managing fuel operations

Circle K and Worsley roll out innovative programs to streamline costs and boost profitability.

By John Lofstock, Editor

With fuel prices soaring to record highs, marketers are desperately looking for software solutions that can help them manage the business more effectively. On the fuel supply side, tighter control of distribution could enhance margins and increase overall profitability, so it should be no surprise that savvy operators like Circle K and The Worsley Cos. are rolling out innovative technology programs to streamline operations.

At 138 stores and growing, Wilmington, N.C.-based Worsley was looking for a communications solution that enables all technical applications in its convenience stores to flow through one broadband pipe. After testing several firms, it stuck with TNS Inc., a data communications firm based in Reston, Va.

The decision to go to broadband was a relatively easy one for Worsley, according to Kevin Kolb, the company’s director of information systems. Worsley views the connectivity as an essential part of business in today’s fast-paced market. However, its partnership with TNS was rather serendipitous. While working with Time Warner Cable, the marketer was extremely disappointed with its speed and reliability.

“It just wasn’t reliable and it wasn’t meeting our needs,” Kolb said.

While reviewing the long-term impact cable connectivity would have in vital areas like the POS and fuel interface systems,the company concluded Time Warner was not the solution. Around the same time, a simple cold call from TNS made all the difference.

“They became what appeared to be a big answer to a big problem,” Kolb said. “I’m not sure we had other solutions on the radar so they just walked into the right place at the right time.”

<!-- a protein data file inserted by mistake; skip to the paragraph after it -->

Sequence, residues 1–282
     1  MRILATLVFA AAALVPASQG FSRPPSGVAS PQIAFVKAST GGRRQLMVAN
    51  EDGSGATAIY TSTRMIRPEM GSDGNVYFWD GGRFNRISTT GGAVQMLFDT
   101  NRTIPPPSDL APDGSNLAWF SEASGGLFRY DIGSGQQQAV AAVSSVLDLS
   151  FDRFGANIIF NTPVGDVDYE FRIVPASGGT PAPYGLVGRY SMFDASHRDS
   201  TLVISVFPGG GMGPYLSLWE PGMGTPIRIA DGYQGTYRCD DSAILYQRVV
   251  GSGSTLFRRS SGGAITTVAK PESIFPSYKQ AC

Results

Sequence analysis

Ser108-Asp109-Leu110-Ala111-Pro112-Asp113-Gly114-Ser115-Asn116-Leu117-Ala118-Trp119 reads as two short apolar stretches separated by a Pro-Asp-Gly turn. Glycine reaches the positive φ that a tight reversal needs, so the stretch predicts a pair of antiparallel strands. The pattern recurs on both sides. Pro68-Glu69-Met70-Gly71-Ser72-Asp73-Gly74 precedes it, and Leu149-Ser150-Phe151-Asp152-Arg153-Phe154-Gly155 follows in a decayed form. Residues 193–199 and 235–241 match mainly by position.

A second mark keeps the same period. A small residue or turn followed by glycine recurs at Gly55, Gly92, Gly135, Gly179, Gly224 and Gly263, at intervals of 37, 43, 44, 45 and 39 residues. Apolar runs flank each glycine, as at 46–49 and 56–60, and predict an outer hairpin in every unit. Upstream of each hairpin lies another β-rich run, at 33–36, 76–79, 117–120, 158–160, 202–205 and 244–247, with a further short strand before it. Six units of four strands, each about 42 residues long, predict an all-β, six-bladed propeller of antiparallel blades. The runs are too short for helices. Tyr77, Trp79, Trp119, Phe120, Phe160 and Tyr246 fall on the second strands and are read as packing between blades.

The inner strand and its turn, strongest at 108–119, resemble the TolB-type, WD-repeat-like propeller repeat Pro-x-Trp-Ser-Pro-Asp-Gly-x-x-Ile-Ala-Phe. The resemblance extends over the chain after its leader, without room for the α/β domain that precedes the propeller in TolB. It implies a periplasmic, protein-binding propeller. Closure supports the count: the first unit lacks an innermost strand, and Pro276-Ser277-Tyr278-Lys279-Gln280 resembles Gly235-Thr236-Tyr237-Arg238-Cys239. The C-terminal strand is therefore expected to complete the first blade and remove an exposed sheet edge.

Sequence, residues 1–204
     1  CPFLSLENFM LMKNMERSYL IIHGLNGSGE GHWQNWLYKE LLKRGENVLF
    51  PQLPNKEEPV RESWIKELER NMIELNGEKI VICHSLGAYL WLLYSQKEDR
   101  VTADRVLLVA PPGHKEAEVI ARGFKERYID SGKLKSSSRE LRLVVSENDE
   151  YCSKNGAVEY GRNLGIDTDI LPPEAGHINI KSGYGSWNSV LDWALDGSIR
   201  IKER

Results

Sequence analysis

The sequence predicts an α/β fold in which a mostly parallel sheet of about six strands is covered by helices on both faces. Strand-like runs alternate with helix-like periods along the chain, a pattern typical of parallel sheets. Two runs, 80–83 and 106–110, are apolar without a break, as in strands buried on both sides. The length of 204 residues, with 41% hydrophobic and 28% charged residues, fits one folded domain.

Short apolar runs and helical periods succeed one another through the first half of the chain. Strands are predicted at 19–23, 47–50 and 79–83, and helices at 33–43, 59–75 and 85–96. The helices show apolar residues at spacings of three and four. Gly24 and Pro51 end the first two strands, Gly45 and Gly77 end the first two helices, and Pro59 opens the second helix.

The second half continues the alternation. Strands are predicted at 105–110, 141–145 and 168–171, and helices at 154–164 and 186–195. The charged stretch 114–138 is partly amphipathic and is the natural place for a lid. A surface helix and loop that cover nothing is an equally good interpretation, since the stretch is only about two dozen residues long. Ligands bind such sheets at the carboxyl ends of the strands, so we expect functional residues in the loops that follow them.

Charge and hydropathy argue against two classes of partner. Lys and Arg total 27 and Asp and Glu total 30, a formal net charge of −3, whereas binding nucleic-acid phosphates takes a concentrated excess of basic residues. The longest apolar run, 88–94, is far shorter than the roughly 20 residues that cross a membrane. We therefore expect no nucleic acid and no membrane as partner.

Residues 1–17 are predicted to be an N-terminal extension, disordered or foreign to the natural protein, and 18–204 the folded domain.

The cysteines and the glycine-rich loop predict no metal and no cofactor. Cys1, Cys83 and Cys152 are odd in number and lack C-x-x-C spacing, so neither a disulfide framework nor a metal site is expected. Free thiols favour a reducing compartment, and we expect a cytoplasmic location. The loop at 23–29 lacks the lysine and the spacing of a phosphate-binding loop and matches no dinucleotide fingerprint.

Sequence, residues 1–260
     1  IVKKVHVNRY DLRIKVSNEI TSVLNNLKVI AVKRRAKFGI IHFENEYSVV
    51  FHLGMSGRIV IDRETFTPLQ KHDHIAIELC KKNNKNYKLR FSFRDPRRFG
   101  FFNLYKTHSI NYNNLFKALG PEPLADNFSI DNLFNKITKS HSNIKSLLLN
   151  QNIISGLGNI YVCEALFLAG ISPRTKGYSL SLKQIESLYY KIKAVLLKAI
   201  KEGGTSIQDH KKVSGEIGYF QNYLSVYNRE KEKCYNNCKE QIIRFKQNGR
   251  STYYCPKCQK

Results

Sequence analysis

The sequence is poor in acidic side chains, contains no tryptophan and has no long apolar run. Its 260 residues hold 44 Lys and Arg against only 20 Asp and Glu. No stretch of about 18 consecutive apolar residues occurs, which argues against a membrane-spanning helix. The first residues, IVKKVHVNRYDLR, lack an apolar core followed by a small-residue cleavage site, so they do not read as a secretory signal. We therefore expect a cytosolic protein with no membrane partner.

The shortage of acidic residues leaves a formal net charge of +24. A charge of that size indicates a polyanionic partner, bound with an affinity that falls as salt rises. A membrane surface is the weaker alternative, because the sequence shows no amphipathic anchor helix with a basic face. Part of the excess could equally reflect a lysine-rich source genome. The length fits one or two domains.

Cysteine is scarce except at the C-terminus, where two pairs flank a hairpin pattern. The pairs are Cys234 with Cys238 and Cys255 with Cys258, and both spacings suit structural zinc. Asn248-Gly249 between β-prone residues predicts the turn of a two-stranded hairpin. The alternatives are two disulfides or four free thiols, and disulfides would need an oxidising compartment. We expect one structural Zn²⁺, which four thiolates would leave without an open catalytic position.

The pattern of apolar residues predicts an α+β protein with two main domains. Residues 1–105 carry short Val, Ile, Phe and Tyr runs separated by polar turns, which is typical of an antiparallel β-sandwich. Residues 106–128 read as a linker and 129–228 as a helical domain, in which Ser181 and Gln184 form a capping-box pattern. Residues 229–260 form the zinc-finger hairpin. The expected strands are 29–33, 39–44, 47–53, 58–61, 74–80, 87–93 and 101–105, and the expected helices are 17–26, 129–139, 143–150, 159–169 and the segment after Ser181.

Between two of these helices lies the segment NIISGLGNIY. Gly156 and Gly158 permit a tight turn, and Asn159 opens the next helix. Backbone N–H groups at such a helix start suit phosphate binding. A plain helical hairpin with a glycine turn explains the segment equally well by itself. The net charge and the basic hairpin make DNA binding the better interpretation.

Worsley is in the process of rolling broadband out to all of its stores at an average of about 15 units per week.

“Right now we are using a batch process that requires all stores to dial in for price updates and transmitting reports,” Kolb said. “This is a lengthy and costly process. Many units have to make long-distance phone calls that can take up to an hour per store. With 138 stores, it gets expensive and ties up the phone lines. With broadband, updates are virtually instant and dedicated phone lines aren’t needed. In fact, we expect to be able to reduce the number of phone lines we have at each store further enhancing our savings.”

Another area where TNS is helping streamline fuel operations is by reducing the time it takes to transmit credit card transactions. Using the IP-based broadband connection, payatthe-pump transactions were reduced from five seconds to two seconds versus dialup. However, this system will only apply to stores flying Worsley’s proprietary Carolina Petro fuel brand.

Big Oil brands have yet to embrace broadband connectivity at the local level, even though it is just as fast and safe as the satellite transmissions they provide. Worsley is partnered with ExxonMobil, BP and Shell.

Retailers speculate that Big Oil will be slow to embrace local broadband as a method of communication because it’s a service for which they are charging retailers. IP data is encrypted and KISS compliant and certified. TNS already has established relationships with all the major credit card processors, making for a smooth transition to broadband on in-store debit-and creditcard transactions.

Inventory control
As it looks at other cost-saving measures, Worsley was quick to recognize that a common problem retailers face with manual operations is that they do truck rolls too soon or too late and, depending on which way the cost of fuel is going, that could be a costly mistake. The goal is to top off tanks when prices are increasing and let levels fall when prices are retreating.

Worsley typically relies on a gas station attendant to measure tanks manually once a day, which is not an efficient method.

“Because we are putting tank devices on the network, we can pull inventory data any time of the day, usually less in than a minute. Compare that to the conventional method of using a stick to measure tanks and then manually calling in a fuel order—the time-savings per store is enormous,” Kolb said. “Plus, the automated system is always accurate.